The Young Republicans and Young Democrats leaders have taken steps to increase communication between members of the community who lie on opposing sides of the political spectrum in recent months.
One initiative that Raegan Hill ’19, Shreyas Sinha ’19, and Mason Horton ’19 specifically pursued with this intent is “Change My Mind,” which took place on Apr. 29. At the event, students sat around tables and discussed several political issues, ranging from gun control to the wall along the US-Mexico border, with the guidance of a student leader.
Addressing the importance of the Change My Mind event for the Deerfield community, Sinha stated, “I believe that the effort to produce bipartisan relationships should start at the high school level; we’re all students learning about the world and still developing our opinions and ideas about political issues.”
The core of both clubs lies in instilling the confidence to both speak and listen comfortably. Rather than narrowing that newfound confidence to dialogue between students who share the same views, Hill, Sinha, and Horton, in addition to Nora Markey ’18 and Marco Marsans ’18, decided to expand conversations to include students on opposite sides of the spectrum.
Sinha described the effect of previous smaller-scale bipartisan conversations conducted on campus: “In the joint meetings we hosted during winter term, it would be very common for people to disagree with members from their own club while finding themselves agreeing with those from the ‘opposing’ club.“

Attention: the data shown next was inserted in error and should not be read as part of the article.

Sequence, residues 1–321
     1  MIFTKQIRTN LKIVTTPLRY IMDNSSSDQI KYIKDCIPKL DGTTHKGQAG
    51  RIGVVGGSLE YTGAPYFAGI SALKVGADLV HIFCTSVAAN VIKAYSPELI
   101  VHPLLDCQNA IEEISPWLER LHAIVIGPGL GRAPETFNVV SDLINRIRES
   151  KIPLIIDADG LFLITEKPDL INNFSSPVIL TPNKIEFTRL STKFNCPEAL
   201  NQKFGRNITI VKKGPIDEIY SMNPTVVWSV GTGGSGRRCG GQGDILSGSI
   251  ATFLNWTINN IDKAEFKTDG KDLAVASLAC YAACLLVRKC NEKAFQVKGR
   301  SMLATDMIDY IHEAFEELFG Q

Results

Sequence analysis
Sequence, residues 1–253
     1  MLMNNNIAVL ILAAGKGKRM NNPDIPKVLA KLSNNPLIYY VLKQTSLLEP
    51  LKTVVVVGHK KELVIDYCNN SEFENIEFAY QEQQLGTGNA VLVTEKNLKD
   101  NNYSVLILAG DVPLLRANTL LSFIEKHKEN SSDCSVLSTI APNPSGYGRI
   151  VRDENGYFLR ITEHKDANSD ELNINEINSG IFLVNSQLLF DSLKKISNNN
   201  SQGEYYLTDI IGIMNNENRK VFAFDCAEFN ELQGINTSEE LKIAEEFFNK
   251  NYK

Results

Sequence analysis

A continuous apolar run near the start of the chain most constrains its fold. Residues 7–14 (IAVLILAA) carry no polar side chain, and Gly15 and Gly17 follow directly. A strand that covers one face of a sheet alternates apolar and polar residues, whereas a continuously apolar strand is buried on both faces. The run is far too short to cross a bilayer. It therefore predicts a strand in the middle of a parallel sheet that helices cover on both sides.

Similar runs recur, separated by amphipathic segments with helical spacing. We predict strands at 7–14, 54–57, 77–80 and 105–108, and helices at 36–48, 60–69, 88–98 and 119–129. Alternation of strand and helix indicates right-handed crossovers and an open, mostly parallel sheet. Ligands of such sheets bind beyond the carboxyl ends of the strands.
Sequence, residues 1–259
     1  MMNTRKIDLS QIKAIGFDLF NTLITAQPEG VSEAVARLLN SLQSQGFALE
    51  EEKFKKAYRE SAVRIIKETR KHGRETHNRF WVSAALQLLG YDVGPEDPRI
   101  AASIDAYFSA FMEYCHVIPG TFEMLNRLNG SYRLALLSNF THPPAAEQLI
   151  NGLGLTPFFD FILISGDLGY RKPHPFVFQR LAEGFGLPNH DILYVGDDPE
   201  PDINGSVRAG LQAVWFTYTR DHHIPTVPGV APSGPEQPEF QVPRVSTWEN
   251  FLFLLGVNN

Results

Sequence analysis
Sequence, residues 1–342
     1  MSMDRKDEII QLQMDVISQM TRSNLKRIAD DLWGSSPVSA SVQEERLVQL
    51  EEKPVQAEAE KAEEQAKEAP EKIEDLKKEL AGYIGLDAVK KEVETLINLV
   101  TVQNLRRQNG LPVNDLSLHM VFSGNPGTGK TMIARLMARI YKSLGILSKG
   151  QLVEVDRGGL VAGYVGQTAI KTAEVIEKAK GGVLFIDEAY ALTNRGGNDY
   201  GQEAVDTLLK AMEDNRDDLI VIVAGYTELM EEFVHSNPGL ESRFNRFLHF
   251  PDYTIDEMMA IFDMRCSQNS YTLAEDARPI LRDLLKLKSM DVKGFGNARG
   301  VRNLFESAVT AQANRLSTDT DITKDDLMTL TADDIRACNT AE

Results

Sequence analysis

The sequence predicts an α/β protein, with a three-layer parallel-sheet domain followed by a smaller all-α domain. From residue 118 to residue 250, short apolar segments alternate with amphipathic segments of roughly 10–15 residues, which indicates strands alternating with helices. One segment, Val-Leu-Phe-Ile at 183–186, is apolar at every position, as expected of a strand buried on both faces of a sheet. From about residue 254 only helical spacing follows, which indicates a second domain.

Hill added, “I’ve found that students are actually more alike than different when it comes to our views.”
Hunter Keller ’20 expressed that she felt that the “Change My Mind” event was successful in raising awareness on key issues and promoting dialogue.
She said, “[I thought that] students left with a fuller knowledge on the issues and a better understanding of where their fellow students stand.”
Sinha reminisced on the valuable conversations he witnessed at the event. He noted how several students approached him after attending “Change My Mind,” and expressed how their opinions on topics such as a US-Mexico wall or gun control evolved after listening to their peers’ alternative perspectives.
However, Samara Cummings ’20 shared a differing opinion on the value of the event: “I did not think it was that productive. Although we shared our views and there were different sides at the table, people were just stating and restating their points over and over.”
Cummings continued, describing how she felt that the students at the event refused to acknowledge other perspectives: “[It was] as if they were talking to walls, rather than actively listening. No one stopped for a second to really listen and empathize with each other.”
While the goal was never to force students to actually change their minds, the “Change My Mind” initiative aimed to take a crucial first step towards tackling the stigma around political discourse on campus.
Hill stated, “People shy away from it because they don’t want to step on people’s toes.”
Sinha elaborated, “With people finally understanding each other’s beliefs, we reduce politics from a sport of moral superiority to what it is supposed to be: an engagement in various schools of thought.”